September 2018, Dr Amita Jassi and Dr Bruce Clark delivered an eye-opening session on Body Dysmorphic Disorder (BDD) and the awareness that needs to be raised to recognise individuals suffering with undiagnosed symptoms. BDD is not something that clinicians always think of, however the talk highlighted the symptoms that we should be looking out for and the evidence-based treatments that can help the symptoms that people experience.
BDD is a mental health condition whereby individuals worry about specific flaws or defects in themselves that may not be present to the rest of us. The DSM-V criteria states that like all diagnoses, an individual’s BDD must impair and cause distress to the individual. This impairment and distress could be in the form of social avoidance, not attending school or work, self-harm and worrying about who may see them. Additional symptoms that lead to a diagnosis with DSM-V criteria are the presence of physical repetitive behaviours such as constantly applying make-up and checking mirrors, or presence of mental thoughts such as comparing themselves to others and seeking assurance regarding their looks. The compulsivity that comes with individuals thoughts that they cannot shake, shares a similarity to Obsessive Compulsive Disorders (OCD). When we are on the lookout for individuals who may be dealing with BDD, we must ensure that the individuals behaviours cannot be accounted for by other mental health disorders, for example anorexia. However, we must not discount the diagnosis as there are already many people who are not diagnosed.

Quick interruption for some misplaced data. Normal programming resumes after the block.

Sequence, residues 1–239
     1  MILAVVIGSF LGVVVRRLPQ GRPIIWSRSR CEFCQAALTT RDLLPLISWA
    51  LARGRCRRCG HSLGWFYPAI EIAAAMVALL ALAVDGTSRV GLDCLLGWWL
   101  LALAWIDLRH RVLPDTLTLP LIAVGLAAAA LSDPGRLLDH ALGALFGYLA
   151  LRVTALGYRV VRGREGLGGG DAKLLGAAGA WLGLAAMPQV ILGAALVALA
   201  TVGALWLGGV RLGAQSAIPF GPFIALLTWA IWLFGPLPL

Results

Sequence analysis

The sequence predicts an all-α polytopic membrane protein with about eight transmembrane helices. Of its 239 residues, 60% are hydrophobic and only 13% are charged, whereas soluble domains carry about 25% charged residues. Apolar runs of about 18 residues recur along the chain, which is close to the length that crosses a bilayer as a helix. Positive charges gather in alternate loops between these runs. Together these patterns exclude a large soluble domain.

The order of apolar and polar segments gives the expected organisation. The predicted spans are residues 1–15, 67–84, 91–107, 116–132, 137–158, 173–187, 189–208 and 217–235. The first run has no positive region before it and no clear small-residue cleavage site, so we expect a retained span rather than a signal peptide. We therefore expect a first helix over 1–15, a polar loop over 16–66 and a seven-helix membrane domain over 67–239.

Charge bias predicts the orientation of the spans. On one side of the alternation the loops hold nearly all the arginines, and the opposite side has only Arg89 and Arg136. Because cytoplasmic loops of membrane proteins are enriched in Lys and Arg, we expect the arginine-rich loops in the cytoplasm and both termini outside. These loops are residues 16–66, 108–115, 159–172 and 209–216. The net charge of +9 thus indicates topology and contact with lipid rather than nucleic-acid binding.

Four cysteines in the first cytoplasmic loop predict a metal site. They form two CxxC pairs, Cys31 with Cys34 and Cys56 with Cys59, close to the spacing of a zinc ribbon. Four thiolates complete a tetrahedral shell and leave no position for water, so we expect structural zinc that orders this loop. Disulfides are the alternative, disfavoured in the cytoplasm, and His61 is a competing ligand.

Unfortunately, BDD is a diagnosis that is linked to high risk behaviours such as self-harm and suicidality. Therefore, it is really important that we are aware of symptoms to help support individuals with what they are going through. The condition can be present in individuals at any age, however it is most common in adolescents and young adults. Dr Clark and Dr Jassi reported that on average, people have five to seven concerns with themselves. Around 70% surrounds skin as a main concern. Though people may be worried about particular features of their body, some people with BDD may also be worried about their general physical appearance such as feeling “ugly”. Is it any surprise that so many people are faced with these symptoms if social media such as Instagram and Facebook promote some unrealistic images and sense of self? We must promote positive and healthy behaviours to reduce the impact of BDD.